and split them across a thunderous sky.

I read the scent of the water,

tried to glean sculpture from sand.

Ghost whistling melody through me,

loving me into dune then leaving me,

making cartwheel of ache, feasting

on the rush of my serenade, and when

like a thing eaten, the bloodlust grew

within and the hunger that fueled

me begin to seethe, I asked my ghost

Is it me or is it you, but he just spun me

on a sugar cartwheel flecked with timber

horses, counting on vertigo to ravish

the sickness within me. I watched the sky

teem with the manic cursive of my dreams.

My clumsy ceiling backwashed into a racket

of milk in my throat. At the ocean’s edge,

I saw how water replaced water in the turbines

of sleep, play of movement making glee

where in every frolic, I was a pulse on the edge

of a coup. Living on litany, believing in a thing

just so breath believed in me, convulsing into

a phantom heady only with its own decree,

I was a flag to be adorned, a body to be bequeathed.

In the wide fling of dog marrow and sling,

in the spirit of rehearsed script, in the name

of a staged becoming, I stumbled at the altar

of a ceaseless wraith and worship left me.


Neha Mulay is an Australian-Indian writer and a current MFA candidate in poetry at New York University. Her poems have appeared/are forthcoming in Black Warrior Review, The Maine Review, and SAND Journal among other publications. She is the Web Editor for the Washington Square Review.

Interview with the poet:

Cathexis Northwest Press:

How long have you been writing poetry?

Neha Mulay:

I’ve been writing all my life, but I’ve been consciously engaging with the craft of poetry for the past five years.


Can you remember the first poem you read that made you fall in love with poetry?


Yusef Komunyakaa’s “Confluence.”


Who are your favorite poets? Any specific poems?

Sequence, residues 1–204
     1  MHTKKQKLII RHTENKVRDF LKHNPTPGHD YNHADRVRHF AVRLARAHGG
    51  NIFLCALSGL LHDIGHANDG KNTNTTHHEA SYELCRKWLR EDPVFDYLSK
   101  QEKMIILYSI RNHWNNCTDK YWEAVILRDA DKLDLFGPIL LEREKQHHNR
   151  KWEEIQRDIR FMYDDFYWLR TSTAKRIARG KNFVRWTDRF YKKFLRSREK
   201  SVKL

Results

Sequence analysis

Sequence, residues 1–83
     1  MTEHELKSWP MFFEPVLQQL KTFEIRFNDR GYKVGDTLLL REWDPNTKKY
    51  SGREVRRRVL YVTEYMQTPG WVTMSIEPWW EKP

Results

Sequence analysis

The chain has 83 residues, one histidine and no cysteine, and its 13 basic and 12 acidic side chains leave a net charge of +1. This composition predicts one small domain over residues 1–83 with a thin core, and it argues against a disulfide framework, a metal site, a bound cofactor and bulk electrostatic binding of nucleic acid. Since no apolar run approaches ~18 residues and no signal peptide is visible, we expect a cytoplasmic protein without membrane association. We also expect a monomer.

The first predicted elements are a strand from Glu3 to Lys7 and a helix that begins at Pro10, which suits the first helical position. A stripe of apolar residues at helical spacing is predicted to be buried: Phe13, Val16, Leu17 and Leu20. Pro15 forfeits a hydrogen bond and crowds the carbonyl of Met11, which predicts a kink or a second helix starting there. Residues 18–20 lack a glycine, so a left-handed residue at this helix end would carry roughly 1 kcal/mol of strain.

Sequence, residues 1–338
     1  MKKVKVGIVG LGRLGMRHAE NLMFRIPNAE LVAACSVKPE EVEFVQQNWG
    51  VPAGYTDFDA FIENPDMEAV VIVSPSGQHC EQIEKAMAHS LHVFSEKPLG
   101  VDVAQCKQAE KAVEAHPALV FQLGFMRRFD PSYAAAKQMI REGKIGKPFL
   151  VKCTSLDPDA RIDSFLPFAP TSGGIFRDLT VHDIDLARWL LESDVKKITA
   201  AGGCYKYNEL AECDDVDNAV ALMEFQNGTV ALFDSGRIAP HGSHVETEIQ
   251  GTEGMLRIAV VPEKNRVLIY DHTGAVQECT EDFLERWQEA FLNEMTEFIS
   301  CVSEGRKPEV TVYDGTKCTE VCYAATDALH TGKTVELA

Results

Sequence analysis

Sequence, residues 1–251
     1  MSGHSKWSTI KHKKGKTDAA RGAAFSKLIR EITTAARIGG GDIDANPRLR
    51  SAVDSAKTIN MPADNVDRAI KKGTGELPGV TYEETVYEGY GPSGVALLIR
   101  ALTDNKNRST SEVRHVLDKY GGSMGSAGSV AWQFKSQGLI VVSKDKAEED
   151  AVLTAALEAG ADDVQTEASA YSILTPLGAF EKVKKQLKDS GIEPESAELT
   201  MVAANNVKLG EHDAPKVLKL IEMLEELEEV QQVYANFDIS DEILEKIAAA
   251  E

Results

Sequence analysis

Agha Shahid Ali’s “Farewell,” Richard Siken’s “Scheherazade,” Rainer Maria Rilke’s “Duino Elegies.” Natalie Diaz, Carl Phillips, and Timothy Donnelly, among many others.


Can you share for us a little bit about your writing process? Any specific rituals that get you in the zone?


My writing process involves freewriting in notebooks, editing, and reading work that inspires me—I continuously switch between the three until I arrive at the final draft. In terms of rituals, walking through the city while listening to ghazals and then finding a bar or café to write in is a practice I use to enhance my writing process.


How do you decide the form for your poems? Do you start writing with a form in mind, or do you let the poem tell you what it will look like as you go?


All poems are different—some organically arrive in the form they sync with while others ask for more. Play and experimentation are essential to the process. I play around and try several different shapes until I arrive at the specific form that I intuitively feel the poem is asking for.


Any advice for poets who have yet to find their voice?

NM: Read. Absorb and imbibe the world around you. Tackle your obsessions but don’t let them consume you. Question everything. Lean into doubt. Understand the nature of your personal impetus, use it as a fulcrum. Use everything that life gives you. Most of all, live. Experience as many worlds as you can whilst maintaining your solitude. Immersion is as important as insulation.


What is your editing process like?


It involves contemplation, experimentation, and research. I ensure that there are ideal intervals of time between drafts—too short and the edits can lack a certain perspective, too long and the process loses impetus, traction, and focus.


When do you know that a poem is finished?


Poems transcend us. In many ways, they are eternal, meaning that any arrival at a place of perfection or completion is both illusory and necessary. Completion is mostly a matter of negotiation—a poet must negotiate a rounding off, an impossible departure. A certain amount of editing will generally take a poem to a place of relative perfection—I always know a poem is finished when further editing would lead to a mutation or the opening of a new realm rather than the purest expression of the poem as it stands.